This story resonated with me on a very personal level, too. There are a lot of reasons I don't have children yet, tho I've been fiercely consciously maternal / wanted to be a mother since I was 14 (when I got almost completely safely away from my mother). I know I'll be a good mother, I know I'll love it, but the feeling of doom / pragmatic calculation of the nihilism vs. civilization that it seems would be said child's milieu is sort of concretized by the violence I suffered at my mom's hands when young. No matter how idealistic or altruistic I am, in spite of all the work I've done to make my difference in the world and even the sometimes measurable effects, regardless of the messianic-type pressures I internalized from my grandfather at a very early age, a core part of me is always anticipating a crushing blow. With my mom the motivation was blame and jealousy - for being blonde haired and blue eyed, for being a star pupil, for being artistic - everything I did must have been to make her look bad, was the mantra.

A couple years back she announced she had some garbage bags full of baby pictures in her garage that she was going to toss unless I wanted them. Once I got over the horror of the state of such precious documents, I went through them and found among the school photos shots of us at theme parks, flea markets, concerts and parties, group photos with friends or relatives and she's hitting me in them. Or pinching. Or just yelling through a contorted face. I remember once being defended by a shopper at a flea market, and my mom's loser friend attacking the Samaritan. As far as they were concerned, this was adequate behavior, commemorable by snapshots. I'm kind of glad I have them, so I don't follow the easy path of denial. Yes, my room was locked from the outside. Yes, I was hit on the head with a cast iron skillet. Yes, there was a lot of anger and frustration, and I never ever want to be in any circumstance where I might vent that at a child.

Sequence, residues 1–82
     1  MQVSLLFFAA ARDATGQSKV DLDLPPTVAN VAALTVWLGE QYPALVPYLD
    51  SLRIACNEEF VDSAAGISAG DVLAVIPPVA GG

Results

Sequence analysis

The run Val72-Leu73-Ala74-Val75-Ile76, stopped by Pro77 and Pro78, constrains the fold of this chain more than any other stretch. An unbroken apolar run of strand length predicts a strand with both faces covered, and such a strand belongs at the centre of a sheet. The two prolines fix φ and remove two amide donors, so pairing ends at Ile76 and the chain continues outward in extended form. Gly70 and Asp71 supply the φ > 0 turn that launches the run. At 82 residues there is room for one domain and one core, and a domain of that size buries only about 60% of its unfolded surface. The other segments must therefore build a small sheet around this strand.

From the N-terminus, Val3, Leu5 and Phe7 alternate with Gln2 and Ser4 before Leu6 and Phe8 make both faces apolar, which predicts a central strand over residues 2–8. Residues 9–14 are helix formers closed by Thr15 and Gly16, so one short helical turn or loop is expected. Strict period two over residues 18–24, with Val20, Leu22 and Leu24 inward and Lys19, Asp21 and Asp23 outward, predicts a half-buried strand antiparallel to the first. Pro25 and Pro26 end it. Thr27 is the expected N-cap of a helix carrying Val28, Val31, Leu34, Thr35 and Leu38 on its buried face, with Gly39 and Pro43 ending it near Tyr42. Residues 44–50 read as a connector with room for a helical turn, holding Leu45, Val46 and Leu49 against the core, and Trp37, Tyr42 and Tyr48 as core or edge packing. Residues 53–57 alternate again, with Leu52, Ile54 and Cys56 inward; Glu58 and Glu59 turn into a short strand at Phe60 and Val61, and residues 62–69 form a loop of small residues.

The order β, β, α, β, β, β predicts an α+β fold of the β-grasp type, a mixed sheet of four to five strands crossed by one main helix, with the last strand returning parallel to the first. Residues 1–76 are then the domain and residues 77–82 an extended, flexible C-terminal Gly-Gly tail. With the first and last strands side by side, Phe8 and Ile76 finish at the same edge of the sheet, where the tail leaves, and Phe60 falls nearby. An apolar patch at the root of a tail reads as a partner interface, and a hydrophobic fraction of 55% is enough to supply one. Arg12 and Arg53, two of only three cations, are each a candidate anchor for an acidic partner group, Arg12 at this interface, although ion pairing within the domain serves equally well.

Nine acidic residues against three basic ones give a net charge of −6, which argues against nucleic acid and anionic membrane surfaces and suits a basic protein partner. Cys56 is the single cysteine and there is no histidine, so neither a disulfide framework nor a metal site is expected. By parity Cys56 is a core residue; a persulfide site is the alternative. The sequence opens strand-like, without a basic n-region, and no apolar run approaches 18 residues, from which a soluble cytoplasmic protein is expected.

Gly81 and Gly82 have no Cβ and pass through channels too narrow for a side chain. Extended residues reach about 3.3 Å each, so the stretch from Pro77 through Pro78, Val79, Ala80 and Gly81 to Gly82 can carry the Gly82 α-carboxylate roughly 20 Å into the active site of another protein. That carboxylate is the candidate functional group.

I fervently believe that I would not continue the cycle, but am still grappling with incredible holes where my self esteem would be - were I to achieve my goals on a larger than infinitessimal scale, well, maybe I'll just not and avoid the repercussions. That's sick.

What is the solution? I used to want to adopt as many children as I could support, knowing there are so many that need good homes, but that option is not so viable what with the scope and the necessary beurocracy to handle it. Our best hope, given the incredible spread of this problem, may be to try to dilute it with our own behaviors: to do what you're doing here and at RHzine, to be good parents and raise good children.

But I still don't think I can let myself conceive while Dubya's in the White House.

You pegged it. The way she turned and looked around before she did it, that wasn't just a mother striking out in blind rage. She knew what she was about to do could get her in trouble if anybody saw it. Luckily for that little girl, somebody did.

And her lawyer needs to tell her to stay away from the press. She's not doing herself any favors.